There he reconstructed the decor of the hôtel de Besenval, designed in 1782 by Clodion and now at the Louvre, and he commissioned from the famous Catalan painter José-Maria Sert (1876-1945) a decor devoted to the Queen of Sheba now at the Musée Carnavalet.
In 1918, Henri's three sons - François II, regent of the Banque de France, president of the powerful Comité des Forges and politician, Humbert, gifted negotiator and Maurice, more interested in the field of company benefit schemes - shared the direction. The enterprise was at its peak when the Second World War began. The Wendels were expelled from Lorraine and the factories confiscated. Inhabitants of Lorraine had to choose between Germany and France, but were expelled in their turn if they chose to remain French… At the end of the war, the industrial situation changed. In 1946, coal mines were nationalised; the last historical great master of forges, François II de Wendel, died in 1949. The company, still directed by the family, suffered, in 1978, the great turmoil that weakened European steel-making and the entire de Wendel empire was nationalised without indemnity. But the banner of the de Wendels still floats on the world of enterprise.
This exhibition evokes an industrial and human adventure led collectively by the Wendels, their directors and associates, employees and forge and mine workers in an area of Europe tormented by history.
It takes its place in the succession of documentary exhibitions devoted to such great dynasties of architects as the Vaudoyer (1991), of industrials as the Schneiders (1995), of artists as the Halévy family (1999).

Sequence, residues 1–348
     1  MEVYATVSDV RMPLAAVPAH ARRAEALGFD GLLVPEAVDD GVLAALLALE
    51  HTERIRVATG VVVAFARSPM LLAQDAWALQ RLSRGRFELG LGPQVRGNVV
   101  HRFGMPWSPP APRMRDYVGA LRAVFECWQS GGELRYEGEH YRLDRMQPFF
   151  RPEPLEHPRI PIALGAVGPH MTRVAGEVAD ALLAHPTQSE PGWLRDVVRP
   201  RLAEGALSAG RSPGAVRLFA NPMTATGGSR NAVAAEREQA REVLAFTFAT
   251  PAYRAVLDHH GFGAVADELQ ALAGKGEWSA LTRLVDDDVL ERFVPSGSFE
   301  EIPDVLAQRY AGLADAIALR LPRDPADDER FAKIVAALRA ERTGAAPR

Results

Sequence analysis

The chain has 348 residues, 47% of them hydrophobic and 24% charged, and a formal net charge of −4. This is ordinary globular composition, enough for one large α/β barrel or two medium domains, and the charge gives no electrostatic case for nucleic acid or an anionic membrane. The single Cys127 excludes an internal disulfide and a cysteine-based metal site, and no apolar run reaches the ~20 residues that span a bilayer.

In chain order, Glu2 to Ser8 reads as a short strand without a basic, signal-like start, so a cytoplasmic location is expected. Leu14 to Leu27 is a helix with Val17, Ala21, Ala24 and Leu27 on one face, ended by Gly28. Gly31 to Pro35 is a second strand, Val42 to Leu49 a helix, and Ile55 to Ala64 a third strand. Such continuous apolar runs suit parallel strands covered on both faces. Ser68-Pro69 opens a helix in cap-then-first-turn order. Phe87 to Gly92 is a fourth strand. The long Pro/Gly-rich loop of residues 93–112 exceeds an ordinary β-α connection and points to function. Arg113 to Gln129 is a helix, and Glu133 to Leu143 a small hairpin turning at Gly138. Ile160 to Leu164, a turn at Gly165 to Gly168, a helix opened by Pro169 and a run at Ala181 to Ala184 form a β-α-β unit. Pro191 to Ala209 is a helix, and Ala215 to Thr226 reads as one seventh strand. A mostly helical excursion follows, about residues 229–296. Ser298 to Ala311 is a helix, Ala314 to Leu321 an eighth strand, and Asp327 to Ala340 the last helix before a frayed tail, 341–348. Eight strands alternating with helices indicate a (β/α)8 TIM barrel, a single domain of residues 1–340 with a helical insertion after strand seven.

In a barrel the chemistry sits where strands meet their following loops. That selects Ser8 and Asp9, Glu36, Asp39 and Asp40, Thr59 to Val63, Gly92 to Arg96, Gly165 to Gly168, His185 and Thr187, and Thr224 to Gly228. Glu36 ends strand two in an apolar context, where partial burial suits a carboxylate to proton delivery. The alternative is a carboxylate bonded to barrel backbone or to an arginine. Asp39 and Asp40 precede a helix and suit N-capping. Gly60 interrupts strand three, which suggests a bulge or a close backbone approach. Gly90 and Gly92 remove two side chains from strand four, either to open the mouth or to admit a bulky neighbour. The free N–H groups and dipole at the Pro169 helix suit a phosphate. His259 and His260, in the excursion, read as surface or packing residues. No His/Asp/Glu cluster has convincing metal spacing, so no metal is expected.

With paintings, sculptures, objects, models of places and machines, architecture or technical drawings and early photographs, this event unfolds around three main themes:
The history of the Wendel dynasty, from their settling in Hayange in 1704 until the death of the last "historical" master of forges, François II de Wendel (1874 – 1949). Painted and sculpted portraits (Carolus Duran, Ernest Hébert, Denis Puech), watercolours, drawings and photographs of the Hayange, Joeuf and Brouchetière castles, of the hôtels particuliers of the Rue de Clichy and of the Avenue de New York, various objects and souvenirs testify to the Wendels' lifestyle and to their feelings on the German annexation.
The great industrial improvements, technical and social: purchase of the forges in Hayange, foundation of the Creusot, forges and iron mines, exploitation of coal mines in Petite Rosselle (model of the bank of the Saint-Charles pit); presentation of the social benefits and of the workers' town in Stiring-Wendel, that remained a model until the 1930's.
The life of Lorraine mine and factory workers. Most objects in this section come from Lorraine collectors, former Wendel workers, or from the remarkable museum of iron mines in Neufchef, near Hayange, entirely constituted and designed by former miners and employees of Lorraine forges.
The most striking piece of this section is certainly André Rixens's large painting: Laminating Steel: Forging Ingots, a monumental work presented at the 1899 World Fair where it was awarded the gold medal. Annexed Moselle is presented with the large painting by Alphonse de Neuville, photographs and objects testifying to the tenacious faithfulness of this territory to France.